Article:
The word ‘retro’ is used about a style or a thing that is reminiscent of something from the past – or about outright copies of clothes, cars, furniture, or any other item from the past.
Rockabilly and the other retro movements are historically quite uncommon because they play with a style and aesthetic that is relatively new.
“There are plenty of examples earlier in history of people having submerged themselves in the past. In the 1800s, classicism looked to the Antiquity for inspiration. But the new retro-phenomenon differs from this”, says the researcher.
Classicism was all about taste. It aimed to revive the aesthetic ideals of ancient Greece. The two main ingredients of retro-culture are an altogether different matter:
- Irony – fans of the retro style maintain a certain level of ironic distance to the style
- Nostalgia – they long for a past that seems more wonderful and more manageable
Irony created retro-culture
Irony played a particularly important part when retro-culture first started emerging in the 1980s. Back then rockabilly experienced its first revival when it was mixed with punk culture.
“In the 1980s, retro was in stark contrast to other styles. Retro was carried by irony because the style was perceived to be so out-dated that no-one believed that anyone would seriously consider taking it up again,” says Handberg.
The ironic streak has faded with time and today retro has become increasingly mainstream.
“Right now the 1950s style is a good example. A lot of fashion is inspired by the TV series ‘Mad Men’, which takes place in the early 1960s. An entire industry based on the retro trend has emerged, with a wave of shops, cafés, clothes boutiques and many other businesses.”
Nostalgia can be ironic
Nostalgia is another important component of the retro-culture. The Russian nostalgia researcher Svetlana Boym has identified two different types of nostalgia:
- The nostalgia seeking to recreate a past that has been lost in history. This type of nostalgia is often found among nationalists and right-wing political movements seeking to recreate a past they imagine was better.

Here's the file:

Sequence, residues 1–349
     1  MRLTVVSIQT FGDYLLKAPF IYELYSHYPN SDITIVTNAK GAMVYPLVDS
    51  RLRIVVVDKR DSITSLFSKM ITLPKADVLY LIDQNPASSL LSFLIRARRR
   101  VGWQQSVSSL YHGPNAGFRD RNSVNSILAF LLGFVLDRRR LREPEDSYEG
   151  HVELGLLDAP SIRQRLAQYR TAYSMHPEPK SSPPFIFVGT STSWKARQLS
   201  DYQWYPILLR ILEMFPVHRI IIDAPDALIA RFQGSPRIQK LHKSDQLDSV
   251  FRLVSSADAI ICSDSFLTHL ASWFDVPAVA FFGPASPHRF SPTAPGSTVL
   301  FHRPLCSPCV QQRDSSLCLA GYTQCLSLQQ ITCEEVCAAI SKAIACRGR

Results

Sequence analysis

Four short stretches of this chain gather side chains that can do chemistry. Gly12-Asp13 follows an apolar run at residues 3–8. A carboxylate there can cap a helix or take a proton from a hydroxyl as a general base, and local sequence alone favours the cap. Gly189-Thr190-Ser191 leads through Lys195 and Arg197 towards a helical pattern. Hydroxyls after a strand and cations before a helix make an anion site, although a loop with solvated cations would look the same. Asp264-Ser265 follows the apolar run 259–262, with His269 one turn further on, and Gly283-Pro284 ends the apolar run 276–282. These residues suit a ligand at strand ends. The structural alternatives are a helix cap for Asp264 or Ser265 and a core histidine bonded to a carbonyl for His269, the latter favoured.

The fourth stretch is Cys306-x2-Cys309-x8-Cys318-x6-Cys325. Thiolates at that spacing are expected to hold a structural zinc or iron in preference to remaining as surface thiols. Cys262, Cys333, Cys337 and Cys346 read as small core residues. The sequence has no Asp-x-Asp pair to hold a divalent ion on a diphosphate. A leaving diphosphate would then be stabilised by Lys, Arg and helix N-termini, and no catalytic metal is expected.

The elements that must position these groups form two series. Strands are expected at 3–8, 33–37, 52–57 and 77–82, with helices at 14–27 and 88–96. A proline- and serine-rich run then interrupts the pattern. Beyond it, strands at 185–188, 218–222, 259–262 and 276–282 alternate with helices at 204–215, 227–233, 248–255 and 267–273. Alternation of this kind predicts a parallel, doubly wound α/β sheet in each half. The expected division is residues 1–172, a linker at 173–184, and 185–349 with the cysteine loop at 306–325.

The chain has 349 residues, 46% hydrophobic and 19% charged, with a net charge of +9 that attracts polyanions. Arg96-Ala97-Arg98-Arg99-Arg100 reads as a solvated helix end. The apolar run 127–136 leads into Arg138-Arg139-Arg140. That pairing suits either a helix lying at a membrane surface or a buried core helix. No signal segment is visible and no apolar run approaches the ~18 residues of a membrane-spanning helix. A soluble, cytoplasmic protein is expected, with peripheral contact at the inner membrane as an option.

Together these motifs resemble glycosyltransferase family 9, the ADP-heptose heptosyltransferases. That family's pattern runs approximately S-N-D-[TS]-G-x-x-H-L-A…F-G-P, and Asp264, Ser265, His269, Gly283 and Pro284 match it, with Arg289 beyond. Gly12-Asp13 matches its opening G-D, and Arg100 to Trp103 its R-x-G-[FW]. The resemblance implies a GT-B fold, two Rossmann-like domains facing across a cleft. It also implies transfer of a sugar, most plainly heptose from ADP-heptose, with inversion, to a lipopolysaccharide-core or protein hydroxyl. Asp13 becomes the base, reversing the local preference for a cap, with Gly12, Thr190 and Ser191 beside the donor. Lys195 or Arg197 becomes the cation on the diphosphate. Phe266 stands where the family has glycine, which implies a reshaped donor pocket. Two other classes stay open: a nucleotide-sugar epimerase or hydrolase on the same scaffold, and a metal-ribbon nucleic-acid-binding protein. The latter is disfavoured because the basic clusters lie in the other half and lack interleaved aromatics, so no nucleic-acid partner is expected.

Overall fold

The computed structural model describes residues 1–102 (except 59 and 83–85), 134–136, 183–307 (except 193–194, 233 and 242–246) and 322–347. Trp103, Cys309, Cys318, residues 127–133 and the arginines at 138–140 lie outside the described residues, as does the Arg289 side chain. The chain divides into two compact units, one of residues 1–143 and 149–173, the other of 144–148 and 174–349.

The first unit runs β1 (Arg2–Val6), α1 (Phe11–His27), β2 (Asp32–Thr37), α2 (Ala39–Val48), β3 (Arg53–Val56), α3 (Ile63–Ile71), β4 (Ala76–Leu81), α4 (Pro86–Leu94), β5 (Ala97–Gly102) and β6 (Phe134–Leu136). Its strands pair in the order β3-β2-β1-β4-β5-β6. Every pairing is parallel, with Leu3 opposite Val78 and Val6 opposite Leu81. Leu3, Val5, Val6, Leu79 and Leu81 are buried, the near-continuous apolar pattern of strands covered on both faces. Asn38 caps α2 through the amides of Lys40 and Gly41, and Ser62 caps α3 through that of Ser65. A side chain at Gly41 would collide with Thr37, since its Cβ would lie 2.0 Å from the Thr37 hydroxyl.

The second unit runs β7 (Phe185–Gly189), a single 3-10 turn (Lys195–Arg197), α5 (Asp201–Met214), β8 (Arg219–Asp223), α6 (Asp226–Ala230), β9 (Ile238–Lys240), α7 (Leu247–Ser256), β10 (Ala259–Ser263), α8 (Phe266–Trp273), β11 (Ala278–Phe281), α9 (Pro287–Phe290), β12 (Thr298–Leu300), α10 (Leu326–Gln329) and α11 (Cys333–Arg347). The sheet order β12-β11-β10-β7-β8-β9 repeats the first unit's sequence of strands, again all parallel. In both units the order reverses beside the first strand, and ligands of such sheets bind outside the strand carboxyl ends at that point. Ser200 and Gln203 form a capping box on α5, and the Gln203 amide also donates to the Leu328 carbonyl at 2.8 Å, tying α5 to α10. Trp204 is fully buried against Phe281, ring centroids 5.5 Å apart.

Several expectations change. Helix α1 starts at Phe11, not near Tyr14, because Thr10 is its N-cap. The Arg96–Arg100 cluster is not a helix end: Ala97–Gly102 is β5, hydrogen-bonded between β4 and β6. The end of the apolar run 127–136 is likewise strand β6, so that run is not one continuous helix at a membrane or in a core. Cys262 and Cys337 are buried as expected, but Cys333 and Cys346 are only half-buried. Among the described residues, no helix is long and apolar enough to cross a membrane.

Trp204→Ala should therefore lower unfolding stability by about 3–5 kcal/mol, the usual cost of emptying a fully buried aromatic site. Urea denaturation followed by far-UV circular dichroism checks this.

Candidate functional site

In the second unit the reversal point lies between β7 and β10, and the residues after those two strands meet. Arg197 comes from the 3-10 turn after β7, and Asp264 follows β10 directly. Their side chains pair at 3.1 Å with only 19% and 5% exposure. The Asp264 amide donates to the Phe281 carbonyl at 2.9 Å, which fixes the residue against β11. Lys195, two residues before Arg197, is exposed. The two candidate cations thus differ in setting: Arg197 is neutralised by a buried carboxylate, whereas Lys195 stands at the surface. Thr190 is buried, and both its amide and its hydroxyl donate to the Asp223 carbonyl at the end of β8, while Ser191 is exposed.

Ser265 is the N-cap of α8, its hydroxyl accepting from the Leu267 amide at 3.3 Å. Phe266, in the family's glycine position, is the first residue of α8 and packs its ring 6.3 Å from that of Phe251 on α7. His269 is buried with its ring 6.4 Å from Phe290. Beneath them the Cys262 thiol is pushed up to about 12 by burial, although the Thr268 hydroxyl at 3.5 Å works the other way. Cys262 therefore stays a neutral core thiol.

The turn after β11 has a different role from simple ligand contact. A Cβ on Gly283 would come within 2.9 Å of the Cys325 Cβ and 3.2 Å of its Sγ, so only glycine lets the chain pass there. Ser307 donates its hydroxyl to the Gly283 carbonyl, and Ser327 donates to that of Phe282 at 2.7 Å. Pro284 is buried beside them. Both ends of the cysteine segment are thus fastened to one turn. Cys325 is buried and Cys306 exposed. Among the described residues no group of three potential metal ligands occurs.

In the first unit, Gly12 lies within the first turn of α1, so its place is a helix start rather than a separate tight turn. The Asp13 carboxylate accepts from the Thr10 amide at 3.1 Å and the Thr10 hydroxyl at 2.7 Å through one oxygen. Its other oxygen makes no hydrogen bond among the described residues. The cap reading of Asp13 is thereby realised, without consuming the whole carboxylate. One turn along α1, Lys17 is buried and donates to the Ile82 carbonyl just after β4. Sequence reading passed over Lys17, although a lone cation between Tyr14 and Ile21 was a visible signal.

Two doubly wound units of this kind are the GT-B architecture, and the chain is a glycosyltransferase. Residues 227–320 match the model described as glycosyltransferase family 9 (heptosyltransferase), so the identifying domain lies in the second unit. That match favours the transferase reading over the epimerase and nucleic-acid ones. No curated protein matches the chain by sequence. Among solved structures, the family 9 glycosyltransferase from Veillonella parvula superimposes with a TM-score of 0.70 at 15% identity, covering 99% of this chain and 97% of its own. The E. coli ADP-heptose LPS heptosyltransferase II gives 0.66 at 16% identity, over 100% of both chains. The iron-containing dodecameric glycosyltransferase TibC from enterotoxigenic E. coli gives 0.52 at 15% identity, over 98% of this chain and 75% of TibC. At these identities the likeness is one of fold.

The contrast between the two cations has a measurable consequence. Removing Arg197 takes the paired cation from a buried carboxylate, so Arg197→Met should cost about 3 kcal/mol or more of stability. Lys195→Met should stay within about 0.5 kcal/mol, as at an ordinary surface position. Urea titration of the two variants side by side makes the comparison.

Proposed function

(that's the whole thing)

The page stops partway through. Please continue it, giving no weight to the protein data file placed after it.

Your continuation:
- A nostalgia that merely dwells on a longing for the past. This type of nostalgia does not seek to recreate anything, but accepts that the world is constantly changing and that this means the past cannot be recreated. For this reason, it’s easy to adapt an ironic attitude to this type of nostalgia. When it cannot be recreated anyway, it is simply easier to keep it at arm’s length.
Rockabilly-retro is nostalgic
According to Handberg, both of Boym’s definitions of nostalgia ought to be used in any analysis of the concept of retro.
“Retro-culture flirts with both types of nostalgia. This is especially true for a sub-culture like rockabilly culture,” he says.
“Basically, people attempt to live in the past at the cost of the present. But they do so in a reflective and critical way. They revive a past they believe to be better. But they do so with a certain level of ironic distance.”
Retro leads the way to the future
The rockabilly babes (ladies) and the rest of the retro gang actually adapt a critical attitude to the present when bestowing their love on the past.
However, even sideburns have limits. The disciples of the retro movement risk getting stuck.
“Retro risks losing itself in nostalgia. Either by being utterly consumed by the impossible longing for the past, or by simply believing too fervently that the past was uncomplicated and right”, says Handberg.
Read this article in Danish at videnskab.dk
Translated by: Iben Thiele